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Magic and I

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Magic and I
Book
Autobiography

A true story
Full titleMagic and I
AuthorVuld Shaik
Year published6 BV (523 years ago)
AvailabilityMostly any library
Average cost20 Mizas
Word count~100,000
LanguageCommon, translations exist

Magic and I is a pre-Valterrian book written by Vuld Shaik and the author's most famous work. While it is Shaik's autobiography, narrating his years spent learning magic in Alahea's most influential academy, it is in fact a powerful accusation towards the inhuman treatment of apprentice wizards as well as a warning against the dangers of magic for both the individual and society as a whole. The book opened a deep, bleeding wound in the Alahean social tissue that never healed until the Valterrian, and forced Shaik to live on the run, always fearing for his life. It is still a popular book in post-Valterrian society.

Structure

"Magic and I" takes place over several years, from the author's induction into the Royal Academy of Magic to his eventual expulsion. Among the hardships Shaik has to face are the permanent disability of his left arm due to a Projection incident and having to kill his best friend who had succumbed to overgiving. Psychological and physical torture to himself and the rest of the students are described with Shaik's trademark sarcasm, though there is heartfelt feeling pouring from the pages in the most emotional passages.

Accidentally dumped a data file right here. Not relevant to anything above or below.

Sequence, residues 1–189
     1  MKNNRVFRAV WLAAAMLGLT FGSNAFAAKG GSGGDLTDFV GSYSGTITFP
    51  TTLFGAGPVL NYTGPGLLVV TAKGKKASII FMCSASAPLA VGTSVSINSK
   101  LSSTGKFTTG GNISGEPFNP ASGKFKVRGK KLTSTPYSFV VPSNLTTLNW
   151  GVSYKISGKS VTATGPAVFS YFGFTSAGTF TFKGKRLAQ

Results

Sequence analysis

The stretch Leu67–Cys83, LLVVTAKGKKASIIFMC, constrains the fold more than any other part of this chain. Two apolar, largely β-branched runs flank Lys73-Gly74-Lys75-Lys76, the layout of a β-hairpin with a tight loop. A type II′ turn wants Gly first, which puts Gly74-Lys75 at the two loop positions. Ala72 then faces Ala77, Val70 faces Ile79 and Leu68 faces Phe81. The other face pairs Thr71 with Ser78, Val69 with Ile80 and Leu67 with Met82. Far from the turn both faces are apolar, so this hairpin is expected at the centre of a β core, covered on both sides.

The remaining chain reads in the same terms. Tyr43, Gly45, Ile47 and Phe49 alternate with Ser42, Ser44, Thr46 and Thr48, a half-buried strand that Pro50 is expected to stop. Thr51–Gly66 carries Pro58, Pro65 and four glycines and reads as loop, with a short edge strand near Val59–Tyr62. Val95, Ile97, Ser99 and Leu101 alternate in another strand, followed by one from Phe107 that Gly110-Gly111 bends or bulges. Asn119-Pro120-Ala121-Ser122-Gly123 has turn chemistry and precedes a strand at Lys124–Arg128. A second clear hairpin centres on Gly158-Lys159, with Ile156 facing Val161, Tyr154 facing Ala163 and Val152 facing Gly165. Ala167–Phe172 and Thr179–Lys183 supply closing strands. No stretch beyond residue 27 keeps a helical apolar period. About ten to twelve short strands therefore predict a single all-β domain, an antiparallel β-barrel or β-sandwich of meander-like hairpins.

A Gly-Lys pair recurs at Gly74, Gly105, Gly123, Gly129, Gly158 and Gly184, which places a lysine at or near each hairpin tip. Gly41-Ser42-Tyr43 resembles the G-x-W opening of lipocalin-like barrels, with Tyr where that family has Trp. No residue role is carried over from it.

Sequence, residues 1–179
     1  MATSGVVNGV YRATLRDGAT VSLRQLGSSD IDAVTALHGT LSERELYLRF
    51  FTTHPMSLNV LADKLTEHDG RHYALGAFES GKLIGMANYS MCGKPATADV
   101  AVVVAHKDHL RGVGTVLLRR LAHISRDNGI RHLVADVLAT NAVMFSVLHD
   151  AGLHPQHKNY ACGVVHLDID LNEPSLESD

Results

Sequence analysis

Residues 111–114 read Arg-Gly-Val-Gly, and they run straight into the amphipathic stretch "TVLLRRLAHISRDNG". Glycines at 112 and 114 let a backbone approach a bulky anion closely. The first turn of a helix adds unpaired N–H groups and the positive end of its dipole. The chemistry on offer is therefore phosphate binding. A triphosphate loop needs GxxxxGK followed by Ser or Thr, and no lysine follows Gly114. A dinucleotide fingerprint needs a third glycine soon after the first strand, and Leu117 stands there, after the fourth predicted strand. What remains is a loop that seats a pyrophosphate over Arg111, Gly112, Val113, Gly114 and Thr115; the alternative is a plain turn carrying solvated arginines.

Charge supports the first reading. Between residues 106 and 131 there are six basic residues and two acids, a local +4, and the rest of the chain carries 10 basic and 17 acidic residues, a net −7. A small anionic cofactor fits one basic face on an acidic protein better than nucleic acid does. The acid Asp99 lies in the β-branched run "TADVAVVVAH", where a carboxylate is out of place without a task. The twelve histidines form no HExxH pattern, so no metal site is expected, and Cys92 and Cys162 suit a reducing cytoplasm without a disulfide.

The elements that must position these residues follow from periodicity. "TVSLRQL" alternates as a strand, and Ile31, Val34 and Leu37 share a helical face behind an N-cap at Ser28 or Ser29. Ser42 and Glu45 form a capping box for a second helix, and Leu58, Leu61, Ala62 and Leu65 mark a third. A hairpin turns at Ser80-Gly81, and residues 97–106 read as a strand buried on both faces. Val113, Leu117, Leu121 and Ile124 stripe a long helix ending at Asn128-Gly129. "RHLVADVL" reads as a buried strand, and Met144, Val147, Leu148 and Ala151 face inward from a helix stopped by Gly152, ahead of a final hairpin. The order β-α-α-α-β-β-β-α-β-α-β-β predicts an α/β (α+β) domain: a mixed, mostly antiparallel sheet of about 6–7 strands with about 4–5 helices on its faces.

• Preface
  • I. Dreams
  • II. Induction, or what's in a wizard
  • III. Taking a look around
  • IV. First class
  • V. The boy who just vanished
  • VI. Meet the sophomores
  • VII. The test that couldn't be taken twice
  • VIII. Empty-looking dorms
  • IX. I am Master Qiao
  • X. Those who fail at failing
  • XI. Emptier-looking dorms
  • XII. The girl who hid in the corner
  • XIII. Multiple choices, two outcomes
  • XIV. Spiritism 1, and why it was a mistake
  • XV. You don't really need a left arm
  • XVI. On-the-field experience
  • XVII. Ten students, five hundred wolves
  • XVIII. Run for what's left of your lives
  • XIX. Debriefing
  • XX. Disruptive and unproductive
  • XXI. In which Shaik escapes the brainwashing
  • XXII. Magic and I

Reception

Vuld Shaik, a very prolific writer suspected of being favored by the goddess of memory Qalaya, finihed "Magic and I" in mere weeks. Even though his truths were often whispered in trusted circles, he had a hard time finding a publisher willing to risk the wizard class' wrath. In the end, he self-published the manuscript with the revenues from his earlier works. From that moment on, he never spent three nights under the same roof again, seeking shelter throughout Alahea.

"Magic and I" has been praised as the "deconstruction of the wizard archetype", showing the weaknesses and faults of the dominating magic system in Alahea. Ironically, however, enrollment at magic academies did not decrease following its publication. The harsh reality and the sadism described in the book were so vivid that they created an entire new decadent sub-culture revolving around the values of wizard abuse and pushing magic to the limit. The inhuman treatment of young apprentices came to be viewed as an inevitable character-building experience leading to true power. This culture still exists today.